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As with many Saturday afternoons I had dropped Isaac in the park to play tennis which meant I now had an hour to spare. This happens most Saturdays so I head to the coffee hut, get a takeaway and spend the time walking around the large London Park. I tend to listen to a podcast, maybe pray a bit and enjoy some music.
Last Saturday I found myself halfway around the park when the heavens opened. It was torrential rain with lightening and as a idiot I’d left my raincoat in the car. I started to hide under trees, but realising this was going to continue for a while I needed to make my way back to Isaac.
Trying to dart between trees I tried to get enough cover to only get a small dampening but as time went on I became increasingly aware that I was getting damper and damper and that now I was at that point of no return. I was getting so wet that there was little point trying to avoid it any longer.
So I stepped out into the downpour and walked right under the heaviest of it. I was soaked.
Dripping from my glasses, hair, and ears all the way down my body.
As I walked along I remembered Hosea 6:3, a verse I’d been reading the day before and it kept coming to mind. “He will come to us like the winter rains, like the spring rains that drench the earth”.
Spring rains don’t drizzle, they drench.
I realised something. When it comes to the spirit I’ve been darting back and forth under trees for a while. I want to control how wet I get.
Gods drenching the earth and I’m stood under a tree trying to keep cover.
But as I got wet there was no turning back, I stood there and became drenched. I arrived at the tennis courts to find Isaac stood undercover laughing at me. He’d seen me at a distance and thought how wet I was, was hilarious. In reality it was.
My prayer is that I want my inner life to be as drenched as my outer life was last weekend. I don’t want to dance under trees but enjoy the full drenching that Hosea speaks of.
Many of us have this Dr Jekyll and Mr Hyde thing going on inside of us. Not that were flipping in and out of split personality but that we struggle with two areas of our Christian belief. I could say between Mr Hope and Mr Disappointment.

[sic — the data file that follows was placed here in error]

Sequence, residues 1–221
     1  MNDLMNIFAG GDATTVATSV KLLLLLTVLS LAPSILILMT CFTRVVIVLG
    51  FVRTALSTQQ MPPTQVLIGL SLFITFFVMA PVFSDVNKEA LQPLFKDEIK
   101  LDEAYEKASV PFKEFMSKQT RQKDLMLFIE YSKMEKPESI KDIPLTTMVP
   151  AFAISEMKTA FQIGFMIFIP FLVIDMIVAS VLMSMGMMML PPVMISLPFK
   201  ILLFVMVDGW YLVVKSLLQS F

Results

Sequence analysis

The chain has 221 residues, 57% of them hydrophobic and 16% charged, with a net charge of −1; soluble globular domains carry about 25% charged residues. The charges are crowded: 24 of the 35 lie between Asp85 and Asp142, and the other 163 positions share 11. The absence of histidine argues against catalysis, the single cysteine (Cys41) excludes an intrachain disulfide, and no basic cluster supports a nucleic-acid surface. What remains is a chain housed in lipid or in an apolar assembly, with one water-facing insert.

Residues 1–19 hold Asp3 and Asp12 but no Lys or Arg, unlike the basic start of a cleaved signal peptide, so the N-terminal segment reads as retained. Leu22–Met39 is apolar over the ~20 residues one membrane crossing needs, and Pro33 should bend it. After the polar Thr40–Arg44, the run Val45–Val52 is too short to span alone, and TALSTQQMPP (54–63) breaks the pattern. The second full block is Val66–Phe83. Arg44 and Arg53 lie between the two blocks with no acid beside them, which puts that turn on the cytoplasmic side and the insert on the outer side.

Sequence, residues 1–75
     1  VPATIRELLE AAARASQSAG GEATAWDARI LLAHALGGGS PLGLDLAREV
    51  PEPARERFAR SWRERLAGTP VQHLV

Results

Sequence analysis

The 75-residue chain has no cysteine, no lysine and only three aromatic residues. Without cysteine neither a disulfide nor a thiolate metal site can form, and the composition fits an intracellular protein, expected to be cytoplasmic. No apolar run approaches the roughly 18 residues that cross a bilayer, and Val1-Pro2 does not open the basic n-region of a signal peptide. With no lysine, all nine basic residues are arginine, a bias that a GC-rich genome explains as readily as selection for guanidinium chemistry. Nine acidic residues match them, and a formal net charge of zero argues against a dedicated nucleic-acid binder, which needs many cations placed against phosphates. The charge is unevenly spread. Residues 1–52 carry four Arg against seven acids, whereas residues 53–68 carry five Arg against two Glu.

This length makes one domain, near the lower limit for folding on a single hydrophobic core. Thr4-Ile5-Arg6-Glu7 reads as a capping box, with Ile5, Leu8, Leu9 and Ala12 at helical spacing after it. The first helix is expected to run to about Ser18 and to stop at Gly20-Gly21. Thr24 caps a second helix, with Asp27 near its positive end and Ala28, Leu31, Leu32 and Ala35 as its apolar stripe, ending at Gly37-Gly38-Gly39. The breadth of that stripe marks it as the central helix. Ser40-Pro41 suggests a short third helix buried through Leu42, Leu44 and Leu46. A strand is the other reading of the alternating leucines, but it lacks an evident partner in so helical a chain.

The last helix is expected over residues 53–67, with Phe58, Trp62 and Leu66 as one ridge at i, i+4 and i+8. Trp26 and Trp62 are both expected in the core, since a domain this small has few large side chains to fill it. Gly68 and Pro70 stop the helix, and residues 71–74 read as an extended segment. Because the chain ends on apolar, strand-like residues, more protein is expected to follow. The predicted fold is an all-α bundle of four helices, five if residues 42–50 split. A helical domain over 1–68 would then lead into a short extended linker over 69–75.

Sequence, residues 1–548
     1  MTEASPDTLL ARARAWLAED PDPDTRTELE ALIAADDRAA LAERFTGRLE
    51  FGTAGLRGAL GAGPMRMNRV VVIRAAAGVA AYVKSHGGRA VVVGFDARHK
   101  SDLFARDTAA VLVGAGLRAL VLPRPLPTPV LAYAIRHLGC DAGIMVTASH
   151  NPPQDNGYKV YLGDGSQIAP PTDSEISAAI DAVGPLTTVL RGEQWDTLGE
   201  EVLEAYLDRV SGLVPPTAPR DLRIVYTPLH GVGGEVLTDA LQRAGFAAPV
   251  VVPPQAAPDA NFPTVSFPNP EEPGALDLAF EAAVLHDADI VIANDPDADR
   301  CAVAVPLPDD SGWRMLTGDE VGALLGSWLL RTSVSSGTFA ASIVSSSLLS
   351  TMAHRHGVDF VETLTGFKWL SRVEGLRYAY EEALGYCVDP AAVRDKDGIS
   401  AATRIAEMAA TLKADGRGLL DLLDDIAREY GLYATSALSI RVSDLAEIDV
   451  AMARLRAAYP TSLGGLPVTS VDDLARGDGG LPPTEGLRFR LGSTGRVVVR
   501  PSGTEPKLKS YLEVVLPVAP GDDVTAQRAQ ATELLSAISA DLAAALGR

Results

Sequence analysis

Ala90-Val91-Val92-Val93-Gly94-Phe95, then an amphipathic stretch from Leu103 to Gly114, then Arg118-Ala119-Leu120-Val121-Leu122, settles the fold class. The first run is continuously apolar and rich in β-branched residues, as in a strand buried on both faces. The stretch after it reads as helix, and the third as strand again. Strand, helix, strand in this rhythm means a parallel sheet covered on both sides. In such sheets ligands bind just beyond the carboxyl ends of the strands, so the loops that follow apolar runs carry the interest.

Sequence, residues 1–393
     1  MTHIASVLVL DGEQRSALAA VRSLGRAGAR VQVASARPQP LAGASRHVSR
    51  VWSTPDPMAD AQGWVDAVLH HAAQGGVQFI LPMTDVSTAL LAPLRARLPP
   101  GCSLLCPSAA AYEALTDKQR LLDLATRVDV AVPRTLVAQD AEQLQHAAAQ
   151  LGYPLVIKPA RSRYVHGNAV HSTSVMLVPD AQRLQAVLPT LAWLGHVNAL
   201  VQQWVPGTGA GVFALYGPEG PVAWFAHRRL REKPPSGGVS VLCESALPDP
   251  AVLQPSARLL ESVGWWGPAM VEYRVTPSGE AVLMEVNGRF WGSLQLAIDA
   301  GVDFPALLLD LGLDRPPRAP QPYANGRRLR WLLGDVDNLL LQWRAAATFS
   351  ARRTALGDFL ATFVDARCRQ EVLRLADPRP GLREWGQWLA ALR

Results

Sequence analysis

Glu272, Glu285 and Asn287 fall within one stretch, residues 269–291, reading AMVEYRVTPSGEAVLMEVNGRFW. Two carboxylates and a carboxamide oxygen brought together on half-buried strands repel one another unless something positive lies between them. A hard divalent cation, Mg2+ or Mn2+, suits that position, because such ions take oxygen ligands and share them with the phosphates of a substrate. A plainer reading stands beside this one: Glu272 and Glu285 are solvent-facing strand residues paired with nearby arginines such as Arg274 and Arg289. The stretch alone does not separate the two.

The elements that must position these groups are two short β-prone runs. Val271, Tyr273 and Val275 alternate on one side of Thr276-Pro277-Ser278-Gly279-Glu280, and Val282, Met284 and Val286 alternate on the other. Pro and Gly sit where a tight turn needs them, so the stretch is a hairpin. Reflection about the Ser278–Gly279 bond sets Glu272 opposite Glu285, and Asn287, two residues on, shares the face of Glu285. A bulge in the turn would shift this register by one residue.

We hope that God will do things but at the same time disappointed when we haven’t seen prayer or miracles happen.
There is a danger that our disappointments have a greater effect on our imaginations than we would like to think. I spend so much time talking about God having a more powerful work in and through us but many of us are frozen in our own souls because of doubts and disappointments. We have heard people speak of God being able to do ‘Immeasurably More’ but we are locked in a place of disappointment that is now crippling us in the future work God has for us.
I recently asked a group of Christians ‘who in the room is a little disappointed with God’. The room was filled with hands going up all over the place. You could feel an audible breath as people in the room had that ‘me too’ moment. We aren’t the only ones disappointed, we have all secretly and some not so secretly carried this disappointment in our hearts making us a little bitter, jaded and cynical.
We need to be a real church where we can speak about disappointments, mental health, anxiety and depression. A church that doesn’t brush hard issues under the carpet. There has to be a way for us that is so beautifully Jesus like and can hold the heartache and the expectancy of the resurrection together. Jesus had to die before the resurrection but it is noticeable that too often we rush to the resurrection of Easter Sunday while trying to skip by the sadness of Good Friday.
Christianity is a faith build upon a huge disappointment and then a even larger triumph. You simply cant have the triumph with out the sadness of loss.
We need to be a church with high hopes and high expectations while at the same time not ignoring the pain and rejection felt when it hasn’t worked out?
I believe in the powerful work of God but at the same time struggle with unanswered prayer. The question for the church and its future is can we hold the tension and honesty of our disappointments? There is a danger that our disappointments in fact imprison us in fear. We ask ourselves ‘what if I pray for a miracle and nothing happens’? So we don’t pray, in the hope not to be disappointed.
Sometimes our disappointments can be down to a lack of faith that God is even capable. Essentially the question for us is ‘Does God care’? If he does in fact care then we can ask ‘Do we really trust him? If God doesn’t care then we can’t trust him and if he does care then surely we can trust him.
The reality is rather than focusing on the glorious and powerful work of the Holy Spirit we focus upon the storm, mountain or catastrophe before us. We see the problem as bigger than the God of more. This can and will cripple us as it tells us that God isn’t as powerful as we hoped or dreamt. God isn’t able or capable.
Can I dare us to hold our disappointment and cynicism while at the same time have a growing sense of anticipation for something God could be doing?
As David reminds us time and time again in the Psalms there is only one way of shifting this crippling overload of fear, anxiety, worry and disappointment. Praise, worship and adoration. As we worship we get a bigger view of God and as he grows we are able to fall into his arms realising he is far more powerful than we imagine.
I’ve been working on a new book which will be the theme for Spring Harvest next year called IMMEASURABLY MORE. Check out our promo film for the event.